‘Star Wars’ fans are still arguing about the name of Boba Fett’s ship

Boba Fett ship - Slave I/Firespray
Photo via the Book of Boba Fett/Disney Plus

The premiere of Disney Plus’ The Book of Boba Fett several weeks ago has prompted a resurgence in interest in the enigmatic bounty hunter, and recent changes are spurring a virulent online debate.

Boba Fett is a longtime favorite among Star Wars fans. Despite his general lack of dialogue in the original trilogy, his extremely quick and unclimactic death, and his presence as one of the series’ bad guys, Boba Fett’s symbol has long adorned Star Wars merchandise. His presence as a fan favorite makes the solo Disney Plus series make a lot of sense — everyone loves the Fett — but certain changes to the character’s longstanding backstory have some Star Wars fans miffed.

A change to Fett’s longtime ship, the Slave I, was revealed in the fourth episode of The Book of Boba Fett. The ship’s name has been a subject of controversy for years, leading to Disney’s decision to nix the name and instead refer to the vessel by a new name: Firespray. The name is technically a simplification of the ship’s class, a Firespray-31-class patrol and attack craft, but it’s also a catchy new name for the famous vessel.

Fans immediately jumped on the change, and a heated debate quickly took over the internet. While some fans defended the original name and demanded that Disney reverse its decision, others found themselves delighted by the change. They backed Disney’s decision, noting the negative correlations anything with the name “slave” attached to it will inherently bring.

They also pointed out that the ship is never referred to, in any Star Wars film or television show, as Slave I. Instead, it gained this name from the numerous books and supplementary materials created around the popular franchise and quickly became the ship’s officially accepted name. That fact isn’t stopping fans of the name from fighting for it, however, and ardently defending Slave I online.

The actual reason behind the moniker “Slave I” is hard to track down, but a generally accepted reason has become canon in most fans’ minds. Boba was an employee of the Hutts, some of the Star Wars universe’s most preeminent slavers, for a long time. The name would make sense in this context, particularly if Boba spent a large amount of his early years as a bounty hunter-gathering and transporting slaves in the ship.

In some stories, the ship was named by Jango Fett — Boba’s father — which meant that he simply inherited the ship and its controversial name. Regardless, the story behind this famous ship’s name varies depending on which version of the backstory you’re familiar with.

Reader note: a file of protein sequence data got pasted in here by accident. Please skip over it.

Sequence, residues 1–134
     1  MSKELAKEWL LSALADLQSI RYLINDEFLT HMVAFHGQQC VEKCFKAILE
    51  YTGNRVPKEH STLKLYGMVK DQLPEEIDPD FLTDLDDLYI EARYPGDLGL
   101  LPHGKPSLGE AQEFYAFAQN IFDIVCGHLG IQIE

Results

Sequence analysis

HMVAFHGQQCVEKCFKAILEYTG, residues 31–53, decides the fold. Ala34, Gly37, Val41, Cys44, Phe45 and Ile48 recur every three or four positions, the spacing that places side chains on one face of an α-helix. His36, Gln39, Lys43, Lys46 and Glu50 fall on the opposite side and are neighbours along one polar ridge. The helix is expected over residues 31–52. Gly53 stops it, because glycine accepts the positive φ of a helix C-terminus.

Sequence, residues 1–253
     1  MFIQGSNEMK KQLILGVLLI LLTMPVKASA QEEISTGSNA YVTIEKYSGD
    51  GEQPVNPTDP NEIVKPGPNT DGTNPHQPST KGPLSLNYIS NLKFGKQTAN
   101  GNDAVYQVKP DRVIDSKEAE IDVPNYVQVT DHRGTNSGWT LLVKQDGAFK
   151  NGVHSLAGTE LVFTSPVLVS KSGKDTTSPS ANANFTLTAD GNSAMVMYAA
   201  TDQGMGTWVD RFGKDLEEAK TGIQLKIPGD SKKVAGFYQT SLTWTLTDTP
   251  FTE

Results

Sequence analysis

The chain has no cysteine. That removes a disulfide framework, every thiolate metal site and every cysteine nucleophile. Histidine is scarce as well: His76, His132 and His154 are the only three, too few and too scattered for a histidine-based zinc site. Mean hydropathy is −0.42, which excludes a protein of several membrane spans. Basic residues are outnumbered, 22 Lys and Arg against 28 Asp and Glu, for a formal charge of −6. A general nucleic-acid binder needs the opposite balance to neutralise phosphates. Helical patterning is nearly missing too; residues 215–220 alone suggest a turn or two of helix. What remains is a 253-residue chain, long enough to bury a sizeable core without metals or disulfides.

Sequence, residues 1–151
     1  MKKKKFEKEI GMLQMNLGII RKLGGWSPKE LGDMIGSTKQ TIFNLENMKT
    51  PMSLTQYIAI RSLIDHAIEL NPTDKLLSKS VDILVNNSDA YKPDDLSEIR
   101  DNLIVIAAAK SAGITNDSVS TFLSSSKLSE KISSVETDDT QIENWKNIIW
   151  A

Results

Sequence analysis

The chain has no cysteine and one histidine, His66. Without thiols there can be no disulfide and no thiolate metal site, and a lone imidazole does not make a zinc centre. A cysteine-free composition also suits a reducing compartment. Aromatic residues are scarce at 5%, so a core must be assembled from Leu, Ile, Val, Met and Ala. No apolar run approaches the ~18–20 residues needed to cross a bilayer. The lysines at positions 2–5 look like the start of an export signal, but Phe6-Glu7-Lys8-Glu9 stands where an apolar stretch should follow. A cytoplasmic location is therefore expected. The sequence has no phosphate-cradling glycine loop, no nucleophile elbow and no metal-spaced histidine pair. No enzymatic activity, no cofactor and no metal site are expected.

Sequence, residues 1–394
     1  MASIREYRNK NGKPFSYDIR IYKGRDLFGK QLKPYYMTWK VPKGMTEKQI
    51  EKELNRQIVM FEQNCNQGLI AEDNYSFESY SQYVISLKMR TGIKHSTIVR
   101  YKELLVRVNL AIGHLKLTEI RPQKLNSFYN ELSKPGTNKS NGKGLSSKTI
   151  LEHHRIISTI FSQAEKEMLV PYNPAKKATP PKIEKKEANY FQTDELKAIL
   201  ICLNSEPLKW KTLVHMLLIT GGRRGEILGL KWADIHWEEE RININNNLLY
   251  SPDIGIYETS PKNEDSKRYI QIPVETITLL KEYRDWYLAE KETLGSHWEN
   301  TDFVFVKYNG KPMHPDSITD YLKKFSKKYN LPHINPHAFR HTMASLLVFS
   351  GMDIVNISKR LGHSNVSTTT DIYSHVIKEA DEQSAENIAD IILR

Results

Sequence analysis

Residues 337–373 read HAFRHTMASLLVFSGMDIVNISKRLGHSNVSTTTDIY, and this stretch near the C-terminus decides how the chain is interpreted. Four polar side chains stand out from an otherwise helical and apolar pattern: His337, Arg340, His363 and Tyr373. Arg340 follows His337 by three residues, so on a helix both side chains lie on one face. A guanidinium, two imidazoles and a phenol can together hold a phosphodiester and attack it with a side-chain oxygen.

Slave I detractors are populating the other side of the Slave I vs. Firespray debate with celebrations of Disney’s decision to change the name. The decision to change it was likely made in an attempt to avoid the obvious controversy but has instead simply courted controversy of a different kind. The backlash is unlikely to sway Disney, but that won’t stop Star Wars fans from complaining until the cows come home.

While the passionate discussion continues to split the internet into two camps, a few people are instead finding themselves solidly in the middle. As one commenter put it, “both Slave I and Firespray are dope ass names,” but some people simply “don’t like it when they change the OGs.”

Some feel the name change isn’t official but is instead a way for Disney to tackle multiple potential issues all at once. For one thing, in the context of the episode, it makes sense for Boba to refer to the ship by its class. Fennec may not be aware of its name and thus is more likely to recognize the ship based on his reference to its class. It also allows Disney to side-step any potential pushback over the original name and makes for a far easier marketing strategy. When you want parents to purchase your product, they are far more likely to purchase — and recognize, for that matter — “Boba Fett’s ship” or “Boba Fett’s Firespray” than “Slave I.”

The debate is far from over, and — knowing Star Wars fans — will likely continue for days, at least. This fandom is well known for its passion, and Disney invited this drama when it decided to create a series surrounding such a beloved character.

About the author

Nahila Bonfiglio

Nahila Bonfiglio

Nahila carefully obsesses over all things geekdom and gaming, bringing her embarrassingly expansive expertise to the team at We Got This Covered. She is a Staff Writer and occasional Editor with a focus on comics, video games, and most importantly 'Lord of the Rings,' putting her Bachelors from the University of Texas at Austin to good use. Her work has been featured alongside the greats at NPR, the Daily Dot, and Nautilus Magazine.